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Cultures of e-mail etiquette, and homage to Bill Walsh

Andrew Steeds

A while back, in one of my more interesting freelancing contracts, I was approached by a large multinational company and asked to work with its UK CEO. My task was to make the way he communicated more acceptable to the Americans (in particular), who hoped sooner or later to appoint him as the global CEO of the company.

D., the CEO in question, was French, and one of the things I was asked to do was to make him sound less French when he gave presentations or spoke on the telephone. This was relatively uncomplicated – for me, at any rate; I imagine it must have been immensely difficult for him to retrain himself at that stage of his life. What was more complicated was trying to get him to change the way he communicated by e-mail. At that stage, despite being a fluent French speaker myself and using e-mail a lot to stay in contact with friends and clients, I was unaware of the cultural differences between our two countries in e-mail etiquette: my major concern had been (and to a certain extent still is) how to conclude e-mails in French, having long been used to their absurdly flowery and formal valedictions in letters (‘Veuillez, monsieur, agréer l’expression de mes sentiments distingués’, for example). Working with D., however, I realised there was a difference in the two countries’ approach to e-mail exchange that I’d been unaware of. For example, if D. thought a presentation had been less successful than it should have been, he might e-mail the person responsible: ‘That presentation was really uninspiring. Your next one will have to be much more energetic.’ He would then be confused to find that his colleague took issue with the rudeness of the e-mail, when D. had considered it helpfully to the point.

I don’t think this was just D.’s e-mail style, because it closely mirrored another French manager I worked with in a related company. Neither of them could really take on that, for the communication to not cause offence, they would have to have phrased it something along these lines:

Hi [colleague]

Thanks very much for such an instructive presentation this morning. I thought you timed your talk really well and matched exposition to slide content with an exemplary sense of proportion, and your answers to plenary questions were absolutely to the point.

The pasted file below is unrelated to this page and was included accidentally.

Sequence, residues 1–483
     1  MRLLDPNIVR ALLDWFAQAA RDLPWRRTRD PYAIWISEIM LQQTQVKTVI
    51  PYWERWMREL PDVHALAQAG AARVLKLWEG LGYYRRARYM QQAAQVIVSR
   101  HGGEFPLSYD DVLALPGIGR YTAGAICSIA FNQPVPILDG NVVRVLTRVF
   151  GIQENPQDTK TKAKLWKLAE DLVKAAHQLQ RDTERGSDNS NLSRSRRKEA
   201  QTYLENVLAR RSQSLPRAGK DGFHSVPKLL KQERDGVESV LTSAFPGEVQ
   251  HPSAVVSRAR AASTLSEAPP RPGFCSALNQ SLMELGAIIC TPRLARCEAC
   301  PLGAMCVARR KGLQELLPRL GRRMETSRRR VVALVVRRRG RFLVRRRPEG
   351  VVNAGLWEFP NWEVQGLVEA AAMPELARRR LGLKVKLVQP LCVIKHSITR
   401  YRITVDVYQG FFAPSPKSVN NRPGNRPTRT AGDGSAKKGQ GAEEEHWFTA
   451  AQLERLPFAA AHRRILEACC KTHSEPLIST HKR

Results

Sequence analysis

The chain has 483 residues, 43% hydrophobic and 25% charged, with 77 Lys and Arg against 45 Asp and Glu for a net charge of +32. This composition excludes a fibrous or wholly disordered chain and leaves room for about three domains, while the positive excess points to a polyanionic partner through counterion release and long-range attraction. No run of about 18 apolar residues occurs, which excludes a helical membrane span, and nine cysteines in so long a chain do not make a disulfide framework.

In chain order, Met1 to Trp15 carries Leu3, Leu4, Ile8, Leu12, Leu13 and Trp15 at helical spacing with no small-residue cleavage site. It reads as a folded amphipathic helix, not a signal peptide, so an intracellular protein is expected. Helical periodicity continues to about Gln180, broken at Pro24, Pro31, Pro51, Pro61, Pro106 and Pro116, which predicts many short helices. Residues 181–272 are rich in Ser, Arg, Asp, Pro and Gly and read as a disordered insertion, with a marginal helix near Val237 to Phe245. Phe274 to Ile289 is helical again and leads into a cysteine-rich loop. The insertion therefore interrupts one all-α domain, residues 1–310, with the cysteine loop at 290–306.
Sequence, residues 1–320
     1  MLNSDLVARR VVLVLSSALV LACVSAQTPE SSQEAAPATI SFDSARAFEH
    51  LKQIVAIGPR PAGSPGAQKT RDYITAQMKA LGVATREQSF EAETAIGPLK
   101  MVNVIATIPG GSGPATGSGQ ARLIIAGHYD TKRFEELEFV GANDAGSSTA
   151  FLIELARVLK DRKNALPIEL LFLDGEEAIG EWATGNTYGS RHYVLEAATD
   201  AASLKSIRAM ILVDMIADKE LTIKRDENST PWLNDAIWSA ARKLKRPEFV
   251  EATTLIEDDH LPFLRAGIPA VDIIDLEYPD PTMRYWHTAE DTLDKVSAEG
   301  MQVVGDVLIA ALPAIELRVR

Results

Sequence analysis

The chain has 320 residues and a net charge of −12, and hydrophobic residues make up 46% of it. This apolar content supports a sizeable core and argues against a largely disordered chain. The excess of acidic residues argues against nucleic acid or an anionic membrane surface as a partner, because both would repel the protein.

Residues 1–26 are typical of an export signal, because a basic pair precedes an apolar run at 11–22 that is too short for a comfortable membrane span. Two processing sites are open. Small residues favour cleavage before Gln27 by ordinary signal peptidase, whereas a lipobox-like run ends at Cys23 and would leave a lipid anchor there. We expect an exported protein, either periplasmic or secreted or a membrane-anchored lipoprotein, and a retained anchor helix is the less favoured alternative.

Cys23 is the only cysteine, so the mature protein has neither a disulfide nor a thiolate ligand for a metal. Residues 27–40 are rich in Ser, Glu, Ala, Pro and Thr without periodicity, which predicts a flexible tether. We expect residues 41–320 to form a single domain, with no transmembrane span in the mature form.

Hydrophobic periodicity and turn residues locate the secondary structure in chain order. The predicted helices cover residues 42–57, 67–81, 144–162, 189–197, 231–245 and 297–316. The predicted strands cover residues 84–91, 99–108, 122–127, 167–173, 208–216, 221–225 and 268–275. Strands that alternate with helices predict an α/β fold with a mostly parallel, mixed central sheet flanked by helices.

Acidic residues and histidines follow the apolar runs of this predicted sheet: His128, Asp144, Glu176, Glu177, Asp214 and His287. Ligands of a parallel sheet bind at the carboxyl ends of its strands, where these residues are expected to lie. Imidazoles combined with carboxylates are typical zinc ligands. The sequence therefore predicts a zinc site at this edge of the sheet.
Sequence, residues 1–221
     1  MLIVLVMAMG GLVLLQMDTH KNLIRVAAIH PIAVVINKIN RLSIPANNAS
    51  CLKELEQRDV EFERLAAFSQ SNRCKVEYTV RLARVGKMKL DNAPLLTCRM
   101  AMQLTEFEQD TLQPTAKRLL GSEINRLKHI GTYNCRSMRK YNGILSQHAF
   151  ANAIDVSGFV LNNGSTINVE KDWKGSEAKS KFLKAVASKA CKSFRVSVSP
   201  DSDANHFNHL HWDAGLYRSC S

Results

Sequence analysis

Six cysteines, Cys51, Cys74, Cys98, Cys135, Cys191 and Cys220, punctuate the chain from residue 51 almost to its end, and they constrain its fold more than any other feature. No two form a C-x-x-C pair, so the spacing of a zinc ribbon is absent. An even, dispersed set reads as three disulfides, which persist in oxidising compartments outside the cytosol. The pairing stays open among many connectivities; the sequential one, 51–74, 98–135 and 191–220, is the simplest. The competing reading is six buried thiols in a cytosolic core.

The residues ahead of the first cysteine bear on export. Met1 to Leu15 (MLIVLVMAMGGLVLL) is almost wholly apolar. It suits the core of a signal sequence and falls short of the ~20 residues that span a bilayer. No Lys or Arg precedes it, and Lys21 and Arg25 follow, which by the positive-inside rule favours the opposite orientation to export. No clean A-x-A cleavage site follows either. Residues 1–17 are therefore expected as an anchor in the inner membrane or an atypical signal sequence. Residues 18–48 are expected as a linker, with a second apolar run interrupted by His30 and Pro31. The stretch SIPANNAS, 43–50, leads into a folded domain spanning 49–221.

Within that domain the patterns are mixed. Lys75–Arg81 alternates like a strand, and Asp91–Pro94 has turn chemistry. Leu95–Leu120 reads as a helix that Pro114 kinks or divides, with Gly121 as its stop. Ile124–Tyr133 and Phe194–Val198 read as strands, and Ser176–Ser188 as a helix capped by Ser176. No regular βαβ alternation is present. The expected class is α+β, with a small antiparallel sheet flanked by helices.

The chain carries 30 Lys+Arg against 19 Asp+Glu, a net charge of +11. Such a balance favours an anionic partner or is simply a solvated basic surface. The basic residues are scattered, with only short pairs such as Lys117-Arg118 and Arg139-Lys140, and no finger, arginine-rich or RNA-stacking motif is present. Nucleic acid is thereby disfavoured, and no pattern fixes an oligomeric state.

I do think, however, that when you next present to this group you might spend more time considering the content of your presentation and making sure it matches the needs and interests of your audience. I don’t think Graham Smith was the only person to doze off in your talk and there were likely others who felt there was little new in what you were saying, however skilful you were in delivering your talk.

Neither D. nor the other French manager I worked with believed this kind of periphrasis was necessary, and I fear I failed with both of them in this aspect of my contract.

I have to say, though, that I have more sympathy with the French approach (if it is as I perceive it) than the British one, and it makes me think of other irritations I have with the way e-mail communication takes place in this country. Here are four pet beefs of mine:

Addressing the person you’re e-mailing

The letter-sanctioned ‘Dear Soandso’ feels impossibly formal in e-mails (though there are times when, for that reason, I use it) but the inevitable ‘Hi’ still grates for any number of reasons: too American, too chirpy (we’re British, for God’s sake), too much assuming a familiarity that might not have yet been established – as well as offending against my ancient ideas about punctuation (if you wrote ‘Hello Peter’ in a novel, you would usually have a comma before the name). So I always prefer to eschew any standard greeting and get straight into the content of the message: after all, the person who is receiving the e-mail knows who’s sending it and what it’s about. As a sop, I try to work their name into the first sentence or two.

Replying all

An e-mail is often sent out to more than one recipient, of course, but that doesn’t mean that everyone replying to it has to ‘reply all’. My inbox gets clogged up with these unnecessary (and slightly obsequious) replies effectively saying nothing more than ‘Thanks for sending’ or ‘I’ll be there!’ or ‘Me, too’. It’s a form of e-presentism that we have come to expect from WhatsApp groups and the like, but in e-mail it’s just a waste of time and space. You don’t always have to reply but, if you do, normally it’s enough just to reply to the sender.